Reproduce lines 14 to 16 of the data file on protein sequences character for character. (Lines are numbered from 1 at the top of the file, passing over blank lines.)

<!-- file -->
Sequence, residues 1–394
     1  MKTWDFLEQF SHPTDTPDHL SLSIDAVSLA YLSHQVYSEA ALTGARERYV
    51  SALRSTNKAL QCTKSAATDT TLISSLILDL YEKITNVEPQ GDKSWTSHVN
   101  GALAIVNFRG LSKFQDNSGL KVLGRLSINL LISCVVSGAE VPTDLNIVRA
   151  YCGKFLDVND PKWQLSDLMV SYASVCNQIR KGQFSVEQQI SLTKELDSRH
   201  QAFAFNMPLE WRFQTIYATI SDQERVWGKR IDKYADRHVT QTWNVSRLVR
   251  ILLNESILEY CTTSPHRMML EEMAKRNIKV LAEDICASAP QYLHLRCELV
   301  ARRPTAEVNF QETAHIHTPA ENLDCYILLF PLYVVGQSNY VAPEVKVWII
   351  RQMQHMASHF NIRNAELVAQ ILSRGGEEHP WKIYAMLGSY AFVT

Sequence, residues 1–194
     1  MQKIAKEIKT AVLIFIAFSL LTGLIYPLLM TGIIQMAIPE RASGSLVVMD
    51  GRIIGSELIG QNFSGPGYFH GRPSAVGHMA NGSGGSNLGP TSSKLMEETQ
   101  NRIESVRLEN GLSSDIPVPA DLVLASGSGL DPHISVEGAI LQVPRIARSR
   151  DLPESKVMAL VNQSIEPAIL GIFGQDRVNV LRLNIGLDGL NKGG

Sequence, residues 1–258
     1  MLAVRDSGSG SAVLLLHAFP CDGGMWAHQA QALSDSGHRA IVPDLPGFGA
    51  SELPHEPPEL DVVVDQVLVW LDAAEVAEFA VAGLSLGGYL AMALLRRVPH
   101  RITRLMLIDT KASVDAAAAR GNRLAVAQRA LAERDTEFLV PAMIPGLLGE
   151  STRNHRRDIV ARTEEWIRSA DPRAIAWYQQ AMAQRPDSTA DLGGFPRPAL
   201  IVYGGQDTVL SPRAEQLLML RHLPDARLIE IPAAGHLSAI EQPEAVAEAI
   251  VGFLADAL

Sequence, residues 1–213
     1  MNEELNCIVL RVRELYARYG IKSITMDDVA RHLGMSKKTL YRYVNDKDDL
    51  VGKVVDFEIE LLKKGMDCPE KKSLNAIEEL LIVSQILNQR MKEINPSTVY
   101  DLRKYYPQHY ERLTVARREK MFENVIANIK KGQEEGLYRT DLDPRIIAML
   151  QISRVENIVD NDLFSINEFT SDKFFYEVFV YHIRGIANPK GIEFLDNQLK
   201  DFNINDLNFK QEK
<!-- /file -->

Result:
   151  DLPESKVMAL VNQSIEPAIL GIFGQDRVNV LRLNIGLDGL NKGG

Sequence, residues 1–258
     1  MLAVRDSGSG SAVLLLHAFP CDGGMWAHQA QALSDSGHRA IVPDLPGFGA